Ear Mites in Dogs: Symptoms & Treatment

Instructor: Artem Cheprasov

Artem has a doctor of veterinary medicine degree.

This lesson goes over a common condition seen in pets, ear mites! Find out what signs to look out for that may indicate your dog has them and what the general treatment options are for ear mites in dogs.

Otodectic Mange

Does your dog have otodectic mange? Not sure what that is? Otodectic mange is the technical term for an infestation of ear mites in dogs, those caused by a mite known as Otodectes cynotis. Otodectic means that something relates to a mite of the genus Otodectes and mange is a word for a disorder caused by mites.

Should you, as your dog's owner, be afraid of catching these mites from your pup too? Well, let's learn a bit about this condition, its signs, and treatments and find out in the process!

A Bit About Otodectic Mange

Again, otodectic mange is caused by a mite known as Otodectes cynotis. This mite can actually affect plenty of other animals, including cats, foxes, and ferrets. These ear mites are very contagious between animals! This is important to remember for later.

But should you be worried, as a person? Well, technically, Otodectes cynotis is zoonotic. That is to say, these mites can be passed on from an animal and cause a problem in a person. That being said, this isn't a common occurrence, and the infestations are usually temporary in people and might not require any treatment. But you should always see a doctor just in case.


Regardless, though, you'd want to avoid being infested by disgusting mites, right? In that case, it's important to spot the potential signs of ear mites in dogs and get your pet treated right away!

Some of the potential signs of otodectic mange may appear alone or in any combination of the following, depending on circumstances:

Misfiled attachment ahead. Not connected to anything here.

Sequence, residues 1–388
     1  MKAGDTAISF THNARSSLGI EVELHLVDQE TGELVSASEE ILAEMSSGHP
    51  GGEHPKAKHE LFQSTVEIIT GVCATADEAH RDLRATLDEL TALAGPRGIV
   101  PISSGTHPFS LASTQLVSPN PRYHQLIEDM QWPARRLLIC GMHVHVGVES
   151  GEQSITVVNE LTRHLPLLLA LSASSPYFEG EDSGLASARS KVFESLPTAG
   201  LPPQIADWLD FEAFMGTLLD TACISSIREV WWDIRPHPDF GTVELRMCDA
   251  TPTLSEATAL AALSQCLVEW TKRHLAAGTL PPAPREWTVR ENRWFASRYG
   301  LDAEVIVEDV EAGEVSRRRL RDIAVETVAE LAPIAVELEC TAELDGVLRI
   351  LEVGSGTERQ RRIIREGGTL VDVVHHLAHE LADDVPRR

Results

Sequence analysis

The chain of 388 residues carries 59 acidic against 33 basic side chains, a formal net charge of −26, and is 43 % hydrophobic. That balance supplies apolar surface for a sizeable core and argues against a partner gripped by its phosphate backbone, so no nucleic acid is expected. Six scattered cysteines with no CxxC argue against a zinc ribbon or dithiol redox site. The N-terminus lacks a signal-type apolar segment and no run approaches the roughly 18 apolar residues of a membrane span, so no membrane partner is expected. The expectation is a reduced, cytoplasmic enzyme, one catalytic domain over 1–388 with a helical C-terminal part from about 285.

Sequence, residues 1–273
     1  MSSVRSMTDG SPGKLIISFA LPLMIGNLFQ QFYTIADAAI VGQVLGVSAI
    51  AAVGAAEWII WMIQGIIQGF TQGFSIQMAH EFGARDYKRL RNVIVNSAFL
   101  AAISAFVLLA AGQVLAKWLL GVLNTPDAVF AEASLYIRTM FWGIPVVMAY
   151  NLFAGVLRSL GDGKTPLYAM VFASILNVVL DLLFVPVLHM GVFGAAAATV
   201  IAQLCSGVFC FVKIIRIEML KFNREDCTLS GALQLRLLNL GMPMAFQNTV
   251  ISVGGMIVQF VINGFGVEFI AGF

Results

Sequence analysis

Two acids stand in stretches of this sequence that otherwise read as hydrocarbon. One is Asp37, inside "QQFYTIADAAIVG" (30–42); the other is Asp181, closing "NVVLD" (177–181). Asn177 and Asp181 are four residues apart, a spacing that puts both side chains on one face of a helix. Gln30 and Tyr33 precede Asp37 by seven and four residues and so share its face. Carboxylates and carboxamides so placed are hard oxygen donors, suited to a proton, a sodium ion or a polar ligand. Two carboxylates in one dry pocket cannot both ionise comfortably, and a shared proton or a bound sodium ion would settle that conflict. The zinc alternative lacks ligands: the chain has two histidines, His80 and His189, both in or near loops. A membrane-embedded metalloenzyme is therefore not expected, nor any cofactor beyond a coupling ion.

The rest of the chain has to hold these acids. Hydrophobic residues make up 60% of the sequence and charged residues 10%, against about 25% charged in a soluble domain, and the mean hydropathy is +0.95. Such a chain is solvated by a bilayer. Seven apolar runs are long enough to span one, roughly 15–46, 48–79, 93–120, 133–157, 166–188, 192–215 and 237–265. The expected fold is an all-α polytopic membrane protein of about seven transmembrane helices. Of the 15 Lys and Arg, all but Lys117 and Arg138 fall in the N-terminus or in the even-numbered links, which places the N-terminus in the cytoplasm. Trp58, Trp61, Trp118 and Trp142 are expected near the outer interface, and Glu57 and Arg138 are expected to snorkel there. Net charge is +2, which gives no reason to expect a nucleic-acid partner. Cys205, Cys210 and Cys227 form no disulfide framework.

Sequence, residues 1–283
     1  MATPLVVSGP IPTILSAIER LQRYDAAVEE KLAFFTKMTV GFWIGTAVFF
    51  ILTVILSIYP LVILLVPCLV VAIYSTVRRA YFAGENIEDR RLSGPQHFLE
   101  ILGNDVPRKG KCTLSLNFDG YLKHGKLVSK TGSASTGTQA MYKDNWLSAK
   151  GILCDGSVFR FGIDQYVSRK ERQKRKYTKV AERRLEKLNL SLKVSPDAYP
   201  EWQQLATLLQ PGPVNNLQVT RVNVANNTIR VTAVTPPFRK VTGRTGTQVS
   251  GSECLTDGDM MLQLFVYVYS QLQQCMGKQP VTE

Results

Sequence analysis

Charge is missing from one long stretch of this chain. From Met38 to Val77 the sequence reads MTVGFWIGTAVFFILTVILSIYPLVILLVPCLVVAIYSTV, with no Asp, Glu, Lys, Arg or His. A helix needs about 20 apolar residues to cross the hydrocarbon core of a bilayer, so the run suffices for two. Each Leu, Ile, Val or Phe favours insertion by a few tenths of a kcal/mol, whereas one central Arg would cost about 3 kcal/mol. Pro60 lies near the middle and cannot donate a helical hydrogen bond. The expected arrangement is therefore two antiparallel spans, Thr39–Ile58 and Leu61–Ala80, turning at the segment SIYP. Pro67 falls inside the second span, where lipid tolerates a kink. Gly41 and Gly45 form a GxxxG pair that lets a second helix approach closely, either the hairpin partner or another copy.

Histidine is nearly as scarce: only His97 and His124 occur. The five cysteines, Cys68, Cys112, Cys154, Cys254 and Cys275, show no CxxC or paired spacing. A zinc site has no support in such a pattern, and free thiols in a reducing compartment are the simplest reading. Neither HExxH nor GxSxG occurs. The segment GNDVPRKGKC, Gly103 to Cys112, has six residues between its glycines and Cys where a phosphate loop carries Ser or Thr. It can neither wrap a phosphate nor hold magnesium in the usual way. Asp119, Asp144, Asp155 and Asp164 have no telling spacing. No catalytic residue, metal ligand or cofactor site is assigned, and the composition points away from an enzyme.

• Head shaking.
  • Pruritus, or itching of the ear or area around the ear.
  • A hematoma, or pocket of blood, in the ear.
  • Red ears.
  • Scratches by the entrance to the ear canal.
  • Tender ears, namely obvious when they are touched.
  • A dark and waxy discharge in the ears. It may look like coffee grounds.
  • Hair loss, crusting, redness, and/or pimple-like bumps around the area of the ear.
  • Circling. As in, the dog moves around in a circle.
  • A twisting of the neck.

In some cases, it is possible that the animal will not have any obvious signs of the presence of ear mites. Again, keep that in mind for the next section.


It's important that you always consult a veterinarian prior to treating ear mites on your own. That's because an ear mite infestation might lead to the rupture of the animal's ear drum. In this instance, if the wrong medication is poured into the dog's ear, the pain will be unbearable, and the dog may permanently lose its hearing. That's why a veterinarian will check to make sure the ear drum is intact prior to prescribing or using any medication.

That being said, treatment of otodectic mange consists of several possible options, depending on exactly what the veterinarian finds:

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